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Natural Gas Reservoirs

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1 Natural Gas Reservoirs
Commercialization of Nitrogen-Rich Natural Gas Reservoirs Albert Curtis & Monique Wess Low Quality Natural Gas Statistics Introduction Engelhard Corporation’s Molecular Gate PSA Abstract Natural gas is one of the most vital sources of energy in the United States. It supplies approximately one half of all energy used in residential areas, and is one of the most promising fuel sources for industrial and commercial applications making up 18% of U.S. electricity generation by fuel sources1. Natural gas is a fossil fuel made up of primarily methane along with traces of heavier hydrocarbons such as ethane, propane, and butane. The gas is colorless and odorless, but generates a great deal of energy when combusted. Natural gas is favored because unlike other energy sources, the combustion of natural gas is clean and does not emit harmful substances into the atmosphere. The table below displays general composition percentiles of natural gas. With the natural gas supply in the United States not being able to support the nations demand for natural gas, the US will either have to find more sources for natural gas or import more natural gas from foreign countries. One of the potential sources to increase natural gas supply is to use nitrogen rich natural gas. The objective of this study is to identify and analyze potential uses for nitrogen rich natural gas reserves. An economic analysis will be shown on the feasibility of production and commercialization of nitrogen rich natural gas. The separation options include the purification of natural gas by cryogenic distillation, pressure swing adsorption, membranes, and molecular gate technology. The commercialization options include conversion of methane to synthesis gas and its derivates and combustion of natural gas for power generation. A mathematical model was built to determine the best process combination based on maximizing net present worth. - - A mathematical model was coded and run using the Generic Algebraic Modeling System (GAMS) as interface based on Mixed Integer Linear Programming (MILP) (Cplex is the solver used). Chemical Formula Composition Percentile Methane CH4 70-90% Ethane C2H6 0-20% Propane C3H8 Butane C4H10 Carbon Dioxide CO2 0-8% Oxygen O2 0-0.2% Nitrogen N2 0-5% Hydrogen sulfide H2S Rare gases A, He, Ne, Xe trace The molecular gate pressure swing adsorption process, originally developed by Engelhard Corporation, has proven to be more cost effective than the traditional process. This adsorption is unique from other adsorption processes, as the nitrogen is adsorbed instead of the methane. The simplicity and reliability of this new technology has made it a leading option for upgrading nitrogen contaminated steams since its commercialization in The molecular gate nitrogen system is capable of handling flow rates as low as 0.5 MMscfd with the economics of scale increasing with flow rate. The Molecular GateTM adsorbent is titanium silicate (CTS-1) designed with size selective pore openings to remove nitrogen from methane. The molecular sieve with a pore size of 3.7Å is custom designed to allow smaller nitrogen molecules (3.7 Å) to adsorb into the bed, penetrating the crystalline structure while larger methane molecules (3.8 Å) are excluded exiting the column at feed pressure6. Figure 6 illustrates separation by use of the Molecular Gate. Results Low Quality Natural Gas Reservoir Molecular Gate Pressure Swing Adsorption Low Quality Natural Gas Pipeline Quality Natural Gas N2 <4% Q > 5 MMscf/d Low Quality Natural Gas Reservoir Molecular Gate Pressure Swing Adsorption Steam Reforming Water Gas Shift Haber-Bosch Bosch-Meiser Boiler Steam Turbine Central Utility Plant Usage Low Quality Natural Gas Steam Electricity Urea Methane/Nitrogen Stream mixture - Pipeline Quality Natural Gas Syn Gas Hydrogen Ammonia 15%< N2 > 30% Q > 5 MMscf/d Low Quality Natural Gas Defined Low Quality Natural Gas Reservoir Boiler Steam Turbine Central Utility Plant Usage Steam Reforming Water Gas Shift Haber-Bosch Bosch-Meiser 4%< N2 > 15% Q > 5 MMscf/d Low Quality Natural Gas Steam Hydrogen Electricity Synthesis Gas Ammonia Urea Approximately 30% of all natural gas reserves in the United States contain low quality natural gas (LQNG). LQNG is gas from any reservoir containing excessive amounts of non-hydrocarbon components which place the gas outside of pipeline specifications. The most common contaminates of natural gas are carbon dioxide, nitrogen, and hydrogen sulfide. These non-combustible contaminates lower the heating value of natural gas and must be removed prior to use. Aside from lowering the heating value, the contaminants are toxic, corrode pipe lines, and harm the environment1. While there is no universal standard or government regulation for LQNG, the most commonly used specifications between gas purchasers and suppliers are as follows. Natural gas cannot contain2: greater than 2% carbon dioxide greater than 4% nitrogen greater than a 4% combination of carbon dioxide and nitrogen. Minor contaminates of natural gas include helium, argon, hydrogen, and oxygen, however these typically act as inert gases and pose no major problems in processing LQNG. Methane/Nitrogen Stream mixture Converted From Synthesis Gas Product General Production Formula Uses Methanol Simplest alcohol, light, volatile steam-methane reforming 2H2 +CO →CH3OH antifreeze, solvent, fuel, intermediate in the production of other products Acetic Acid weak carboxylic acid methanol carbonylation CO + CH3OH → CH3COOH vinyl acetate monomer and acetic anhydride Formaldehyde simplest aldehyde oxidation and dehydrogenation of methanol CH3OH → H2CO + H2 polymers and a wide variety of specialty chemicals Dimethly Ether Gaseous ether methanol dehydration 2CH3OH → CH3OCH3 + H2O aerosol spray propellant or a refrigerant The mathematical model produced three results depending on the nitrogen concentration of the natural gas as well as the size of the reservoir. With small natural gas reservoirs it is not profitable for additional processing of the natural gas due to the high startup capital costs of the equipment. If the reservoir size is greater than 5 MMscf/day the most profitable product is urea, the difference in the second and third results is that one keeps the nitrogen in the natural gas stream, which reduces the feed cost, however it increases the reactor sizes and capital costs. Urea Market Major markets: ≈90% of urea goes into fertilizers ≈10% in other commodity markets such as cigarettes, toothpaste, pretzels ect… The twenty-three processes examined as monetization options for LQNG are shown above. These options include: The removal of nitrogen to obtain pipeline quality natural gas. The combustion of natural gas as a fuel source to generate and sell electricity. The conversion of natural gas to synthesis gas by methane steam reforming. Several chemicals and fuels can be developed from synthesis gases that have potentially promising markets. Product General Production Formula Uses Ammonia colorless alkaline gas with penetrating odor Haber-Bosch process 3H2 + N2 → 2NH3 nitrogen source in fertilizer and the manufacture of urea Urea solid produced as prills or granules Bosch- Meiser 2NH3 + CO2 → NH2CONH2 + H2O fertilizers, plastics, and protein supplement in animal feed Hydrogen Colorless, odorless gas Steam reforming / Water gas shift reaction CH4 +H2O → 3H2 + CO processing of fossil fuels and to produce ammonia or methanol Synthetic Fuel liquid hydrocarbons Fischer-Tropsch process 3H2 + CO → CH4 +H2O diesel and naptha Summary Acknowledgements References The evaluation of nitrogen rich natural gas lead to two major conclusions. The first being that the most economical way of separating the nitrogen from natural gas is using pressure swing adsorption with molecular gate technology. The second is that the most economical product produced from nitrogen rich natural gas varies by reserve capacity and nitrogen content. If reserve capacity is low the natural gas is most profitable by removing the nitrogen using the PSA process and selling the natural gas via pipeline. If reserve capacity is high the most profitable product produced is urea and is most economically produced by separating the nitrogen out of the natural gas before processing at high nitrogen contents and keeping the nitrogen in when processing at low nitrogen contents. Quang Nguyen Shi Liu Roman Voronov Dr. Miguel J. Bagajewicz OAchenson W.P, Hackworth J.H, Kasper S., McIlvried H.R, “Utilization of Low-Quality Natural Gas – A Current Assessment,” K & M Engineering and Consulting Corporation. January 1993. Bailey K., Farberow C., “Green is Seen in Fertilizers - A New Approach to Municipal Solid Waste Management,” University of Oklahoma. 1 May 2007. Lavaja J., Lawson B., Lucas A., “Upgrading Low BTU Gas of High Nirtogen Content to Power of Pipeline,” University of Oklahoma. Kidnay A., Parrish W., “Fundamentals of Natural Gas Processing,” 21 June 2006. Molecular Gate® Adsorption Technology, Guild Associated Inc., Copyright 2007. Processing Natural Gas, NaturalGas.org, Copyright 2004. Electrical Generation using Natural Gas, NaturalGas.org, Copyright 2004.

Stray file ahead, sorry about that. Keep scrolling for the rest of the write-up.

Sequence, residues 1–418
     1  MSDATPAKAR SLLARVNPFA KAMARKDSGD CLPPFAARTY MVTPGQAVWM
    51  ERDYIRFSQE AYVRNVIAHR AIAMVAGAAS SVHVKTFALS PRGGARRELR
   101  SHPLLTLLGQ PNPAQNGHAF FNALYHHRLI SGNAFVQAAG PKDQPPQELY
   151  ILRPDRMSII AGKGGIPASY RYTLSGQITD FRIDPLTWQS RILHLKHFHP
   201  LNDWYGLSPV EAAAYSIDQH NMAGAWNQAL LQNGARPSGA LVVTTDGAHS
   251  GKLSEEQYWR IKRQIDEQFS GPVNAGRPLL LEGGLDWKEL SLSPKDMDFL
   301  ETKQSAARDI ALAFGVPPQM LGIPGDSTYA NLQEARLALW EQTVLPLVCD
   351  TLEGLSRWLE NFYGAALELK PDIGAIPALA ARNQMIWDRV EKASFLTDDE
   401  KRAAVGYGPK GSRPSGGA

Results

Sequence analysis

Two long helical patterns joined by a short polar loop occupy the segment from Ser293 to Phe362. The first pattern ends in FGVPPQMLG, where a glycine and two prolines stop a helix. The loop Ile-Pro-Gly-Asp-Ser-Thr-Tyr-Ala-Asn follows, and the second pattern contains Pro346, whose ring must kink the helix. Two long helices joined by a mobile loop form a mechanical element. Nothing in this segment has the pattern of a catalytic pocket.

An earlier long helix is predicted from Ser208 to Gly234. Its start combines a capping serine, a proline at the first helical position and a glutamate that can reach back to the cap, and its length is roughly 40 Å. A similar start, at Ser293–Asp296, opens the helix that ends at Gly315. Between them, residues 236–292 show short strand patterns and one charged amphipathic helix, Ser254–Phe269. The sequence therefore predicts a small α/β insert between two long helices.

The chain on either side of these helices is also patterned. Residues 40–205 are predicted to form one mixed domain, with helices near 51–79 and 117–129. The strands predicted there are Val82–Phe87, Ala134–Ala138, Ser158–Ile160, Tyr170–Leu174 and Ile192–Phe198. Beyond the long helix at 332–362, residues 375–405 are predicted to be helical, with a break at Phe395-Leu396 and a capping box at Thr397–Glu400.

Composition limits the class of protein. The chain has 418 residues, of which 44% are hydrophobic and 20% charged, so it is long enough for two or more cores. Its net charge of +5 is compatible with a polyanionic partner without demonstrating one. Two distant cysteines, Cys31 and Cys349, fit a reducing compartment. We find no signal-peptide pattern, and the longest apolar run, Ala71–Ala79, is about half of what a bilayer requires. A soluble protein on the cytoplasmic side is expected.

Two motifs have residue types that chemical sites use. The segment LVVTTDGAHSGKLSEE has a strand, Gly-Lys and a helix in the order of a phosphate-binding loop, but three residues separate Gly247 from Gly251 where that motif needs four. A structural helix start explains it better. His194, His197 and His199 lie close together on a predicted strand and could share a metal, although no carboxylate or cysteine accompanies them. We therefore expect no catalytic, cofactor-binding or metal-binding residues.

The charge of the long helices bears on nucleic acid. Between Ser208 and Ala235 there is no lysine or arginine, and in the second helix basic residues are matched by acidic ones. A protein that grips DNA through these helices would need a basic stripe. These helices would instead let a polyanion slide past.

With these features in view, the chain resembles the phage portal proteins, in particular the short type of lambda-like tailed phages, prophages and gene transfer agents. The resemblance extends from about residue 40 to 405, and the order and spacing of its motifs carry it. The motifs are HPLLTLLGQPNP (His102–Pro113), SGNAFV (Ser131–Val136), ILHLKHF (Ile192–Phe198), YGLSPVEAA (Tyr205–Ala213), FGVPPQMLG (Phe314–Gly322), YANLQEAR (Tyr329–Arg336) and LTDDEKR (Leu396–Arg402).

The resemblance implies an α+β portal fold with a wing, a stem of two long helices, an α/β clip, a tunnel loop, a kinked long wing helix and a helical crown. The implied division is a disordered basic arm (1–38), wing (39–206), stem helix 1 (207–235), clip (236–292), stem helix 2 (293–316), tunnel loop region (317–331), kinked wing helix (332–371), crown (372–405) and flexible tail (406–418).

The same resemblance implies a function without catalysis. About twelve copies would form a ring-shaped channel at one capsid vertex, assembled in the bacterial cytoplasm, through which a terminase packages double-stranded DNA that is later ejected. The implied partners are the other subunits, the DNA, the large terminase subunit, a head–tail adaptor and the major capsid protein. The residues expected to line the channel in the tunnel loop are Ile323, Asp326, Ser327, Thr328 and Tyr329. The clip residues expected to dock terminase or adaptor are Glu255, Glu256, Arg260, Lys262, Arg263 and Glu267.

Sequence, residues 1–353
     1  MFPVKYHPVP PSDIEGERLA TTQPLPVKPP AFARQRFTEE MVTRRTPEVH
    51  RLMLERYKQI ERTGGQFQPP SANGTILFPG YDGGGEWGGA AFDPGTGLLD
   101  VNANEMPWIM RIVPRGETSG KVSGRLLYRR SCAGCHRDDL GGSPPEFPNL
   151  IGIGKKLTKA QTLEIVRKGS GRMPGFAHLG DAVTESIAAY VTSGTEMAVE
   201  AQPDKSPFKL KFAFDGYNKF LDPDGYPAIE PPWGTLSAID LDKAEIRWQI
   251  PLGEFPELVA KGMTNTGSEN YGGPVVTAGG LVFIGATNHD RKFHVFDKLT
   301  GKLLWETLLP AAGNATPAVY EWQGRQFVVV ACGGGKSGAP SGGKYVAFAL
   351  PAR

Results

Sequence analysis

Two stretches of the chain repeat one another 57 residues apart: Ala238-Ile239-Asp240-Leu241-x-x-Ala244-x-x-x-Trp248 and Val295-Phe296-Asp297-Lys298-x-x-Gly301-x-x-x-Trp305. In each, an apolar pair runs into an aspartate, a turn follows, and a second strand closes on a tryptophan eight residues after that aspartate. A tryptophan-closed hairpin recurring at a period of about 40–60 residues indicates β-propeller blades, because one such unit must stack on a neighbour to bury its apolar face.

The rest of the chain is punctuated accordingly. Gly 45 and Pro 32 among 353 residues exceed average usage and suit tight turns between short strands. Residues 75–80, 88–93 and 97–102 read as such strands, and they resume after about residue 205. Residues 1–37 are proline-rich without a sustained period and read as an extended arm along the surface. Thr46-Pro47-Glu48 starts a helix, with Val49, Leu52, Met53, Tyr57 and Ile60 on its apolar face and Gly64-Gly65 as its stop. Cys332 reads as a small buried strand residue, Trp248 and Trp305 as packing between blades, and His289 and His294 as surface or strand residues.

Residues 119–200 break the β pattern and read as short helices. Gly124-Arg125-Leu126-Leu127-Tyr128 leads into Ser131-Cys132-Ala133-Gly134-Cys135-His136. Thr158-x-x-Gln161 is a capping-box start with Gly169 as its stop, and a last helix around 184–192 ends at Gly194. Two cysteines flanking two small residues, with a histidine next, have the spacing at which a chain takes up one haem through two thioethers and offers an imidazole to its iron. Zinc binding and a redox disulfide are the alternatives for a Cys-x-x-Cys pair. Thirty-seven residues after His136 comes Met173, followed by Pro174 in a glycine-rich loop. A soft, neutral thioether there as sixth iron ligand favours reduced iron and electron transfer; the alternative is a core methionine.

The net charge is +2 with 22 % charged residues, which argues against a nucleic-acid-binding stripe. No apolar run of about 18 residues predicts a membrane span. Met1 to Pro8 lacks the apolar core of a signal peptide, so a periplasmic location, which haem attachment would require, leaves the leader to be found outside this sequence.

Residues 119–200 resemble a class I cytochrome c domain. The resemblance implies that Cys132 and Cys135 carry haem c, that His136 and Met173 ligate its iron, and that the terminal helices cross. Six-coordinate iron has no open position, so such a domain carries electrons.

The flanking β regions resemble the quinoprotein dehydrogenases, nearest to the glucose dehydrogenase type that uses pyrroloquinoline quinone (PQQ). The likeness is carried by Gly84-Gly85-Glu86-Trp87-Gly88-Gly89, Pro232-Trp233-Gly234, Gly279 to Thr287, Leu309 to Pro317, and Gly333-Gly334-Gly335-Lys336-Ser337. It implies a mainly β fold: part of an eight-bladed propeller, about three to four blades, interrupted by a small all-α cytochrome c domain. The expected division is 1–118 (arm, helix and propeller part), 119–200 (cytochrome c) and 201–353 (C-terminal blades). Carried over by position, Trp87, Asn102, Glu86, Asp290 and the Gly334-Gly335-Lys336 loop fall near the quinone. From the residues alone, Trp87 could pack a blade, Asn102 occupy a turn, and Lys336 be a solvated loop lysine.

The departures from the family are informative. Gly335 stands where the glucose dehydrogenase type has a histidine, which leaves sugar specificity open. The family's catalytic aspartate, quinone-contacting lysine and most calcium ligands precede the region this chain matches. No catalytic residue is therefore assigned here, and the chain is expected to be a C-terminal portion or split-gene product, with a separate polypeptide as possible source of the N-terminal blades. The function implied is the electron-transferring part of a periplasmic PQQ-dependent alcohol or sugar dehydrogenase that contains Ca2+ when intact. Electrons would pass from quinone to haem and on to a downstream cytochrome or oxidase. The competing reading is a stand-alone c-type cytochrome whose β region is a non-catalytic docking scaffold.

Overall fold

2 Pipeline Quality Natural Gas Synthesis Gas Hydrogen Ammonia
Low Quality Natural Gas Methanol Steam Pipeline Quality Natural Gas Synthesis Gas Hydrogen Ammonia Electricity Urea Formaldehyde Acetic Acid Dimethly Ether Diesel and Naphtha Methane/Nitrogen Stream mixture Low Quality Natural Gas Reservoir Molecular Gate Pressure Swing Adsorption Steam Reforming Water Gas Shift Haber-Bosch Bosch-Meiser Methanol Synthesis Methanol Oxidation Carbonylation Dehydration Fischer-Tropsch Boiler Steam Turbine Central Utility Plant Usage Sold in Market Diesel and Naphtha Talk about selling intermediates

3 Low Quality Natural Gas Pipeline Quality Natural Gas
Low Quality Natural Gas Reservoir Molecular Gate Pressure Swing Adsorption Low Quality Natural Gas Pipeline Quality Natural Gas Talk about selling intermediates